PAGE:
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Tuesday, May 24, 2022
PARIS, Oct 22 2021 (IPS) - How does injustice make you feel? Do you see yourself as a perpetrator, or as a victim? Is there any such thing as neutrality? These are some of the questions that Dorian Sari asks through artwork, which includes blurry photographs with violently shattered glass frames.
The award-winning Turco-Swiss artist – who uses the pronoun they – has a solo booth at the current International Contemporary Art Fair in Paris (FIAC), and their work invites viewers to question reactions and stances when it comes to societal norms. Who, for instance, has thrown the stone that is glued to the cracked glass?
“When people look at this, they rarely see themselves as the perpetrator, but we all do things that exclude others,” says Sari, who is represented by Turkish gallery Öktem Aykut, one of 170 galleries taking part in FIAC this year.
On from Oct. 21 to 24, the annual fair did not happen in 2020 because of Covid-19, and its return sees a range of artwork addressing global political and pandemic issues. Sari, who studied political science and literature before art, wonders however if the world has learned anything from the events of the past two years.
The works on display – a tiny chewed-up whistle, a retractable “wall” with spaces for communication if one wishes, two large photographs and a book titled Texts on Post-Truth, Violence, Anger are meant to spark even deeper reflections about identity and affiliation. (The book was published by the Kunstmuseum Basel when Sari had an exhibition earlier this year, after winning the Manor Art Prize – an award that promotes young visual artists working in Switzerland.)
The intended discomfort is even evident in Sari’s choice of title: “Ding-dong, the itch is back!”, and countries aren’t exempt. Can a nation claim neutrality when they sell arms, the artist also asks, through an illustration showing a gun emitting a red flag that has a white “x” in the middle.
Sari took time out from their busy schedule at FIAC to discuss these concerns. Following is the edited interview.
SWAN: What inspires your work?
SARI: My latest research was on the topic of post-truth, a political adjective for what’s happening in the 21st century. It means that we’re bombarded with information every day, but at the same time nobody knows if this information is true or not. We also live in a technological period where algorithms … just want people to consume more. To keep you on the platform, they show you something that you like, then a more radical version, and then something even more radical. There is so much polarisation and separation in the world, and this is one of my biggest interests. At the FIAC, I’m showing some of the works I showed at the Kunstmuseum in Basel and also at Öktem Aykut in Istanbul. With this series of photographs, I was interested in seeing the relationship between the victim and the perpetrator because we always think that what we do is the right thing, and it is always others’ fault. I wanted to change this position. Whoever is looking at the photograph is the stone-thrower but even though I give this position, people still prefer to identify as the victim. But even if you’re neither, and you’re just watching and being silent, that third option is also problematic.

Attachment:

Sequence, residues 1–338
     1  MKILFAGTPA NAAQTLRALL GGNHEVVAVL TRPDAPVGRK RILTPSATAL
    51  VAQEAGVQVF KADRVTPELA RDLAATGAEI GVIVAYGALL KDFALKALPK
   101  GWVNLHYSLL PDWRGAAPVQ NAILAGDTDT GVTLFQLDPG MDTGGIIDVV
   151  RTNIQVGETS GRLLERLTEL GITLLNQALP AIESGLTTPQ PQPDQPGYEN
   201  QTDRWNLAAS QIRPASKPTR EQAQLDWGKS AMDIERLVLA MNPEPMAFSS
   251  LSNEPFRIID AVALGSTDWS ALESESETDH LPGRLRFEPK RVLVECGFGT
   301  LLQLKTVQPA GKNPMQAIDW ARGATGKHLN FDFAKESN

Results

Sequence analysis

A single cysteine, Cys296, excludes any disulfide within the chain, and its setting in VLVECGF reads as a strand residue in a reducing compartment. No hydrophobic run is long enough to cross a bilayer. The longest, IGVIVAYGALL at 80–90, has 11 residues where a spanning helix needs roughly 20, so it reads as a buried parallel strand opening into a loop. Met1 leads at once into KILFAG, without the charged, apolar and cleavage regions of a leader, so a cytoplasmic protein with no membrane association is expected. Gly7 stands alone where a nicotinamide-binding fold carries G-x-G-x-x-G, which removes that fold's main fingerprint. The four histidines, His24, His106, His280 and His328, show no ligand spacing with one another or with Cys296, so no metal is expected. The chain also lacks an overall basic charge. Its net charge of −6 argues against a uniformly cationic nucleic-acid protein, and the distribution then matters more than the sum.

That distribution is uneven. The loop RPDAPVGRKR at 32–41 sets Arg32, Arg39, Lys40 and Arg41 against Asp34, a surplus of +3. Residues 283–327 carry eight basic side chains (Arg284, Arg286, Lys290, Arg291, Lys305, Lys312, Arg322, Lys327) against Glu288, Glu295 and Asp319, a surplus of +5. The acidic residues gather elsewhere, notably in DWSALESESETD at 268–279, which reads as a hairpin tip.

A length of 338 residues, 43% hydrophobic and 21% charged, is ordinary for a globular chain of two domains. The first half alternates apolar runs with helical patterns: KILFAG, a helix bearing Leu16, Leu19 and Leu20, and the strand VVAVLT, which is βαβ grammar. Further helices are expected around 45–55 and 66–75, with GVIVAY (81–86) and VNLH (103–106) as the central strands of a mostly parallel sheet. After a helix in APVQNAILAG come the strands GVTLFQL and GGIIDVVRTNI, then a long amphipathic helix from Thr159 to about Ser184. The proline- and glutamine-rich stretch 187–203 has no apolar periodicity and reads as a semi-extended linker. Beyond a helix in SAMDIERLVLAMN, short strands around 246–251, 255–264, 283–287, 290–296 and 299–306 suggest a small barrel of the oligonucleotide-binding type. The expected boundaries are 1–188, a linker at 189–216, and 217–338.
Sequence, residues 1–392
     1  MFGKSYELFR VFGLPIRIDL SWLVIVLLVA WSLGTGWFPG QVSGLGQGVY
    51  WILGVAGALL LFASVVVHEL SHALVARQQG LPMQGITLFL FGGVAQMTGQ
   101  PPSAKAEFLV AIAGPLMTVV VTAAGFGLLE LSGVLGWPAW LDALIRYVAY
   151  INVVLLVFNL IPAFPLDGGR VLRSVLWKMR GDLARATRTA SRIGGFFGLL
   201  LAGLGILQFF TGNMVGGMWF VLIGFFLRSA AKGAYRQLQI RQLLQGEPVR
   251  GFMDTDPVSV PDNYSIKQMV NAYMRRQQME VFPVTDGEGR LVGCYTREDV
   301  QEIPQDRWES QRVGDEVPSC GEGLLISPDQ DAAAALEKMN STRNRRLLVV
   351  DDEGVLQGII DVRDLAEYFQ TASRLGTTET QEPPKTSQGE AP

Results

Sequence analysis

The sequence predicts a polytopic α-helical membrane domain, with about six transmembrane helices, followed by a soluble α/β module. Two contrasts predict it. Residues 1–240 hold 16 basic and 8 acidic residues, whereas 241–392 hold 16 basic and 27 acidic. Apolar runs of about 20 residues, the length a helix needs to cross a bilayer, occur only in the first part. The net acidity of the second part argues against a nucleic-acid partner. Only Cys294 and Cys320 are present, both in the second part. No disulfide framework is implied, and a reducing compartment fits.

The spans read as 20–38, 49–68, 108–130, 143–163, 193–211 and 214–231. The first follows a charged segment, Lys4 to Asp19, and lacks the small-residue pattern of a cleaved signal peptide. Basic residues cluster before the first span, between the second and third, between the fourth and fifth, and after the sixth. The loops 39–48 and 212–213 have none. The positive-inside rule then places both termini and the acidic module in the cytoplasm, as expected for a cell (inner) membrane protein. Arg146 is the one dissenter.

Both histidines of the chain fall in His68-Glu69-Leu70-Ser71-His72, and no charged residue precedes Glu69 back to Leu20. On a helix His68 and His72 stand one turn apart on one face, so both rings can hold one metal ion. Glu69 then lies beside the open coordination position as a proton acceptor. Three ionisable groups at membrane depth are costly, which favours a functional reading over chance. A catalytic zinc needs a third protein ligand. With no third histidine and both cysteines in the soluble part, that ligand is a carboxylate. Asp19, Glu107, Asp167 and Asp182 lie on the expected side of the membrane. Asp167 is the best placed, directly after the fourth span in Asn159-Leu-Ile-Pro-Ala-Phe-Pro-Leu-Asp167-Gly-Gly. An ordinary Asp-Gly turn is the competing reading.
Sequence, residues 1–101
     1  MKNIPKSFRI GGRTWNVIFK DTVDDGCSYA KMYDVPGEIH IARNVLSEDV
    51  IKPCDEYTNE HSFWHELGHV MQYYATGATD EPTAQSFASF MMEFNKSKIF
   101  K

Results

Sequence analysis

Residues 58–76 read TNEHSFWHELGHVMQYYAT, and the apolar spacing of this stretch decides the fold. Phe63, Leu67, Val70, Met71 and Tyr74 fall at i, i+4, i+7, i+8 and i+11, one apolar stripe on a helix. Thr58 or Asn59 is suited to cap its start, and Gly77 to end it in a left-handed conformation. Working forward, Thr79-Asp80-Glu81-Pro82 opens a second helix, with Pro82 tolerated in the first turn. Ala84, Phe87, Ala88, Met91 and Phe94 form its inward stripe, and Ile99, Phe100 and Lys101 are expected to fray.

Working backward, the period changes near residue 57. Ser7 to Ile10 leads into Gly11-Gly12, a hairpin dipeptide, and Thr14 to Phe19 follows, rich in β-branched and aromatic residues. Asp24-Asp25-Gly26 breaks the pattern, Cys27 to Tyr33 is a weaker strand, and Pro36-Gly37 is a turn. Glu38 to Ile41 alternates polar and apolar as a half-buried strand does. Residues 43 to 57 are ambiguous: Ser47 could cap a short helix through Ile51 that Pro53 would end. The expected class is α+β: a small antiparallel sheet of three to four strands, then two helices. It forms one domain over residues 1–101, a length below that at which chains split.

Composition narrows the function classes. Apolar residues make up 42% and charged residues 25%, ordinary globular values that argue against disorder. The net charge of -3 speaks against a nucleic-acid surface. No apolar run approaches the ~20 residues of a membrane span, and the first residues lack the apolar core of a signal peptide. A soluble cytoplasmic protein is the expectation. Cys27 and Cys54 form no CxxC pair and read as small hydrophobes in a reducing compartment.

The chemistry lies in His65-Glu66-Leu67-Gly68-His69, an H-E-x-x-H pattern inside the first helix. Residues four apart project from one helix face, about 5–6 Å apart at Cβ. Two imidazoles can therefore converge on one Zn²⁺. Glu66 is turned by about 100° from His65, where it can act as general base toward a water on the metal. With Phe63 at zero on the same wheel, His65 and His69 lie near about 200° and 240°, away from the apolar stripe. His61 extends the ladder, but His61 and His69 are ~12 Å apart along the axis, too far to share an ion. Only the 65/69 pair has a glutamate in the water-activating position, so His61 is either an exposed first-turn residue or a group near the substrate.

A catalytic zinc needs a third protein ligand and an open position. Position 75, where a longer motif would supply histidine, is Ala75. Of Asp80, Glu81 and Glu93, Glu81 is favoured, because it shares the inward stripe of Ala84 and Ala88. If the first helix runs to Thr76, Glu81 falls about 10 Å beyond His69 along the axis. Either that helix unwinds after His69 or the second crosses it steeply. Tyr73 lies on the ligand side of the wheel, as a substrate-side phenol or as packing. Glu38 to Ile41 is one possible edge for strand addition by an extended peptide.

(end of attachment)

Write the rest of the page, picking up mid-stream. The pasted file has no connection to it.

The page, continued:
SWAN: What is behind the “itch” in the title of the photograph series?
SARI: It’s a series of 10 photos, and the “itch is back” means there’s an uncomfortable feeling inside, so you scratch your body. Maybe this discomfort comes because there’s something that the stone-thrower doesn’t want to know, doesn’t want to see. It can be anything.
SWAN: So, the aim is to make us question our own itch?
SARI: Exactly. And to question what we reject, what we throw stones at in daily life, because we do it so much. We exclude so many things. I always believe we’re separated through the adjectives: the moment we’re born, they tell us our gender, they tell us our nationality, they tell us our religion, they tell us our social class, language, everything. Everything is automatically put on us, and it’s already part of our separation because one group doesn’t want the other group, and di-di-di-di-di-di. But after all, I believe in love, and I believe love doesn’t have a gender, race, social class. Love is love.
SWAN: And the whistle?
SARI: There are so many people who wear a whistle as a necklace, or carry it on a keychain or in their bag, so that in case of something violent in the streets, they can raise an alarm, make their voices heard. Or, in case there’s an earthquake… I was thinking that someone could have so much fear and anxiety, waiting for something to happen. And the whistle could be like a pencil – when you don’t use it, you chew on the end. And I thought that someone waiting for something bad to happen would chew on the whistle. So, it’s like auto-destruction: you eat your own voice in order to be heard because of fear.
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